Eugéne Ionesco citátov

Eugéne Ionesco fotka
3  3

Eugéne Ionesco

Dátum narodenia: 26. november 1909
Dátum úmrtia: 28. marec 1994

Reklama

Eugène Ionesco bol francúzsky dramatik a básnik rumunského pôvodu. Je jedným z hlavných predstaviteľov žánru nazývaného absurdná dráma.

Podobní autori

Emil Cioran fotka
Emil Cioran16
rumunský filozof a esejista
Elisabeth of Wied fotka
Elisabeth of Wied23
rumunská spisovateľka
Mircea Eliade fotka
Mircea Eliade47
rumunský historik náboženstva, prozaik a filozof
Constantin Brancusi fotka
Constantin Brancusi2
francúzsky umelec
Lucian Blaga fotka
Lucian Blaga11
rumunský spisovateľ
Valeriu Butulescu fotka
Valeriu Butulescu250
rumunský básnik a románopisec
Tristan Tzara fotka
Tristan Tzara3
rumunský a francúzsky avantgardný básnik, esejista a perf...
Bertolt Brecht fotka
Bertolt Brecht66
nemecký básnik, dramatik, divadelný režisér
 Menandros fotka
Menandros23
grécky dramatik

Citáty Eugéne Ionesco

Reklama

„I believe that what separates us all from one another is simply society itself, or, if you like, politics. This is what raises barriers between men, this is what creates misunderstanding.“

— Eugéne Ionesco
Context: I believe that what separates us all from one another is simply society itself, or, if you like, politics. This is what raises barriers between men, this is what creates misunderstanding. If I may be allowed to express myself paradoxically, I should say that the truest society, the authentic human community, is extra-social — a wider, deeper society, that which is revealed by our common anxieties, our desires, our secret nostalgias. The whole history of the world has been governed by nostalgias and anxieties, which political action does no more than reflect and interpret, very imperfectly. No society has been able to abolish human sadness, no political system can deliver us from the pain of living, from our fear of death, our thirst for the absolute. It is the human condition that directs the social condition, not vice versa. "A Reply to Kenneth Tynan: The Playwright's Role" in The Observer (29 June 1958)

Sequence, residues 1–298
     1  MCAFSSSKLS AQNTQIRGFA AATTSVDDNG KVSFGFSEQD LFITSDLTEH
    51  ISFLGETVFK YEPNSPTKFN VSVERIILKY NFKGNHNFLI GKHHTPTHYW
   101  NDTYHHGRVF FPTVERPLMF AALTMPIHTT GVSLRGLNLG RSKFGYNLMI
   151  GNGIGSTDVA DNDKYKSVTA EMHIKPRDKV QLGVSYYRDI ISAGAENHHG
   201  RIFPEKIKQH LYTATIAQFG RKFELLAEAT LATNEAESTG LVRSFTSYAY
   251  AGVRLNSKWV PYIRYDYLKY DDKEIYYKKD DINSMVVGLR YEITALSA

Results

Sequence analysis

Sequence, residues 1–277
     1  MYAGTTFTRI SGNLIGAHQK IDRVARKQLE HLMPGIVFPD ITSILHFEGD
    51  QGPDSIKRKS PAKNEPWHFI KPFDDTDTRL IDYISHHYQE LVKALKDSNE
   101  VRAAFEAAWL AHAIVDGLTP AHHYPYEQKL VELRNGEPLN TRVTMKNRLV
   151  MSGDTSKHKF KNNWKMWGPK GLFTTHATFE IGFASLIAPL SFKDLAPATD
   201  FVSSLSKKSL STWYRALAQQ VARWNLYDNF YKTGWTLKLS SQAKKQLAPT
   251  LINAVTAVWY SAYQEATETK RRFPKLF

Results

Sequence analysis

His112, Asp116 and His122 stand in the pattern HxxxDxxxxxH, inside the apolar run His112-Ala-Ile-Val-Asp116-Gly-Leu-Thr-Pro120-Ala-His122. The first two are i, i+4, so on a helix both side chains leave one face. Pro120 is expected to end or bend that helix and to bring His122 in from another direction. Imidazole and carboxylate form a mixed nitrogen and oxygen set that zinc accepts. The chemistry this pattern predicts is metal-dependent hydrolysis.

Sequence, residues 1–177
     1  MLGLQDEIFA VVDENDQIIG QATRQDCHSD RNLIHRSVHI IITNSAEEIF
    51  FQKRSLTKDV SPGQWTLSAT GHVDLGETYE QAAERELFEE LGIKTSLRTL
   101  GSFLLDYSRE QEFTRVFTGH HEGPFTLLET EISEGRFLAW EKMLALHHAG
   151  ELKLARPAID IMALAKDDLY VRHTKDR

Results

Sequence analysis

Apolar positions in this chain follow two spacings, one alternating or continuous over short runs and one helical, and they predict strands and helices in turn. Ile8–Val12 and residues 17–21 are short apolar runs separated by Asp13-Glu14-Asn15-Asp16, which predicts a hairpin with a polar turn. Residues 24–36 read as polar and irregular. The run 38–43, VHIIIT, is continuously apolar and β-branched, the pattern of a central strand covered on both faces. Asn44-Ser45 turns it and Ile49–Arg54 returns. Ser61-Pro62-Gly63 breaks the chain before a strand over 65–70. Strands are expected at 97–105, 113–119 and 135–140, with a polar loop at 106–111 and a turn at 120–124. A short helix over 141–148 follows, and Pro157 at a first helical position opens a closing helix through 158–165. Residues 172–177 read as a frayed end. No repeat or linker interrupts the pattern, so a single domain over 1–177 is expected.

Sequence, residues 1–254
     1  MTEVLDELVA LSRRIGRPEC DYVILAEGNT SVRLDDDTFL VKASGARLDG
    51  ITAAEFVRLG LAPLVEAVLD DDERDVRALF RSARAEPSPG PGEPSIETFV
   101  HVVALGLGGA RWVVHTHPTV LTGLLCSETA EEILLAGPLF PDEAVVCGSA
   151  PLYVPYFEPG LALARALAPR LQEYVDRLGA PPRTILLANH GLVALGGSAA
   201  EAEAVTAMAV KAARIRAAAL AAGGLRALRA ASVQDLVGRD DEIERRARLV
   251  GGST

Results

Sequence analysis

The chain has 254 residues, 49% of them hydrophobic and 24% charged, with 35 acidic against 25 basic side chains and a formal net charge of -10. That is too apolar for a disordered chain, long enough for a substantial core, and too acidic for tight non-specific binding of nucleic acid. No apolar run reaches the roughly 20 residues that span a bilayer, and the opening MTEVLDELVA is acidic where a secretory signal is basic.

„You know, the Cathars believed that the world was not created by God but by a demon who had stolen a few technological secrets from Him and made this world — which is why it doesn’t work.“

— Eugéne Ionesco
Context: You know, the Cathars believed that the world was not created by God but by a demon who had stolen a few technological secrets from Him and made this world — which is why it doesn’t work. I don’t share this heresy. I’m too afraid! But I put it in a play called This Extraordinary Brothel, in which the protagonist doesn’t talk at all. There is a revolution, everybody kills everybody else, and he doesn’t understand. But at the very end, he speaks for the first time. He points his finger towards the sky and shakes it at God, saying, “You rogue! You little rogue!” and he bursts out laughing. He understands that the world is an enormous farce, a canular played by God against man, and that he has to play God’s game and laugh about it. canular refers to hoaxes, humorous deceptions.

„The more you make revolutions, the worse it gets.“

— Eugéne Ionesco
Context: The French Revolution liberated people from the power of the aristocrats. But the bourgeoisie that took over represented the exploitation of man by man, and had to be destroyed—as in the Russian Revolution, which then degenerated into totalitarianism, Stalinism, and genocide. The more you make revolutions, the worse it gets. Man is driven by evil instincts that are often stronger than moral laws … there is a higher order, but man can separate himself from it because he is free — which is what we have done. We have lost the sense of this higher order, and things will get worse and worse, culminating perhaps in a nuclear holocaust — the destruction predicted in the Apocalyptic texts. Only our apocalypse will be absurd and ridiculous because it will not be related to any transcendence. Modern man is a puppet, a jumping jack.